On astronomical telescopes of even middling power, a small “finderscope” is often mounted in parallel to the main optics to assist in getting the larger instrument on target. The low magnification of the finderscope offers a far wider field of view than the primary telescope, which makes it much easier to find small objects in the sky. Even if your target is too small or faint to see in the finderscope, just being able to get your primary telescope pointed at the right celestial neighborhood is a huge help.

But [Dilshan Jayakody] still thought he could improve on things a bit. Instead of a small optical scope, his StarPointer is an electronic device that can determine the orientation of the telescope it’s mounted to. As the ADXL345 accelerometer and HMC5883L magnetometer inside the STM32F103C8 powered gadget detect motion, the angle data is sent to Stellarium — an open source planetarium program. Combined with a known latitude and longitude, this allows the software to show where the telescope is currently pointed in the night sky.

As demonstrated in the video after the break, this provides real-time feedback which is easy to understand even for the absolute beginner: all you need to do is slew the scope around until the object you want to look at it under the crosshairs. While we wouldn’t recommend looking at a bright computer screen right before trying to pick out dim objects in your telescope’s eyepiece, we can certainly see the appeal of this “virtual” finderscope.

Then again…who said this technique had to be limited to optical observations? As the StarPointer is an open hardware project, you could always integrate the tech into that DIY radio telescope you’ve always dreamed of building in the backyard.

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Watching A Spacewalk In Real Time

If you go to, say, a football game, you probably don’t get to see as much of the game as close as you do when you stay home and watch on TV. But there’s something about being there that counts. That’s probably how [Sebastian Voltmer] feels. While we’ve all seen video of astronauts and cosmonauts spacewalking, [Sebastian] managed to take a snapshot of a pair of spacewalkers from his telescope.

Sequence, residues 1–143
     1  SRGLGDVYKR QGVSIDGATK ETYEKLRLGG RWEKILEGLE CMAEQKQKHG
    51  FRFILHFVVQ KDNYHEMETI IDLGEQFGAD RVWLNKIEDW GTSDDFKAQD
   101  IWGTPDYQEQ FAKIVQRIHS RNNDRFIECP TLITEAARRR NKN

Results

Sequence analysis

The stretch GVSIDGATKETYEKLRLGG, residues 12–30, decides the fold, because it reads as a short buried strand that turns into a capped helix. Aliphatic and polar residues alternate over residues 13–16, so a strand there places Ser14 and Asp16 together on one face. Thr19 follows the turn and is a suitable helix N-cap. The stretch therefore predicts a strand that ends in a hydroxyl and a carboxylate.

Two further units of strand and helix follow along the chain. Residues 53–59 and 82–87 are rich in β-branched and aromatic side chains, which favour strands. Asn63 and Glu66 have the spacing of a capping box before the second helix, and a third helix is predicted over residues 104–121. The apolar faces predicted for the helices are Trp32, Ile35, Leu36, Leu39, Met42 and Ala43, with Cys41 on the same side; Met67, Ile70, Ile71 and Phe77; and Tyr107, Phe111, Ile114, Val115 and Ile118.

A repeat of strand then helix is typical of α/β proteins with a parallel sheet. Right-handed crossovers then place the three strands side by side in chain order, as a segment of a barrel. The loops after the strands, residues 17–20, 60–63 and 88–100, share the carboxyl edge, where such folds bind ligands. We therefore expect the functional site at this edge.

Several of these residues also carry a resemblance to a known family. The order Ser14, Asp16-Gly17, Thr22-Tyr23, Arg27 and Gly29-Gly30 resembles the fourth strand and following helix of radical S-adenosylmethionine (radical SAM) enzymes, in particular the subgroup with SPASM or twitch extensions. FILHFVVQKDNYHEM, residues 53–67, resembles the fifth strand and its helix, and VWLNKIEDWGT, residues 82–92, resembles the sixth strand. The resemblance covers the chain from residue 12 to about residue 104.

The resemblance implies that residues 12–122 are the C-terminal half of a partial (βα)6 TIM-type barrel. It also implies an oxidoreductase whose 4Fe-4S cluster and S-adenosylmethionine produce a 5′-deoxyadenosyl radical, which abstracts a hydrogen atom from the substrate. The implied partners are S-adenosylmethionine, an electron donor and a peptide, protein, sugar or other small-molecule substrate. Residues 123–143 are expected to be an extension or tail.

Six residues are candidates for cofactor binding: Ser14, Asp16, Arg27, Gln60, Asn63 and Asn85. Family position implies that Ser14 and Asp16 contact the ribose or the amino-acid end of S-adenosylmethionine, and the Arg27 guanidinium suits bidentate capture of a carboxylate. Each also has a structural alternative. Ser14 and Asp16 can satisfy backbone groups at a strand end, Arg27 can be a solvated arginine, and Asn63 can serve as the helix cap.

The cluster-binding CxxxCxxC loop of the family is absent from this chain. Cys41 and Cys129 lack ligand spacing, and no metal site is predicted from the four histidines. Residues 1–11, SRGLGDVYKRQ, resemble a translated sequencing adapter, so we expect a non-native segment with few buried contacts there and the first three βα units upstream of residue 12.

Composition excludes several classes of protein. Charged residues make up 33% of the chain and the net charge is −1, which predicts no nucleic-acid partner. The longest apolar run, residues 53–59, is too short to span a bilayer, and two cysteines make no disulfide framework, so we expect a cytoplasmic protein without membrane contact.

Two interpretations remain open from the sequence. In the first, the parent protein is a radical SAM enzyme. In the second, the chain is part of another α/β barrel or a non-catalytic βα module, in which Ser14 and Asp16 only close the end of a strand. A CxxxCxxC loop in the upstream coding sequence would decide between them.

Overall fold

Of course, this wasn’t your ordinary department store Christmas gift telescope. The instrument was a Celestron 11 inch EdgeHD Schmidt-Cassegrain telescope on a very expensive GM2000 HPS mount. An ASI290 planetary camera took the shot. You can see the gear and more about the photos in the video below.

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30 Days Of Terror: The Logistics Of Launching The James Webb Space Telescope

Back during the 2019 Superconference in Pasadena, I had the chance to go to Northrop Grumman’s Redondo Beach campus to get a look at the James Webb Space Telescope. There is the high-bay class 10,000+ cleanroom in building M8, my wife and I along with fellow space nerd Tom Nardi got a chance to look upon what is likely the most expensive single object ever made. The $10 billion dollar space observatory was undergoing what we thought were its final tests before being packaged up and sent on its way to its forever home at the L2 Lagrange point.

Sadly, thanks to technical difficulties and the COVID-19 pandemic, it would be another two years before JWST was actually ready to ship — not a new story for the project, Mike Szczys toured the same facility back in 2015. But the good news is that it finally has shipped, taking the very, very slow first steps on its journey to space.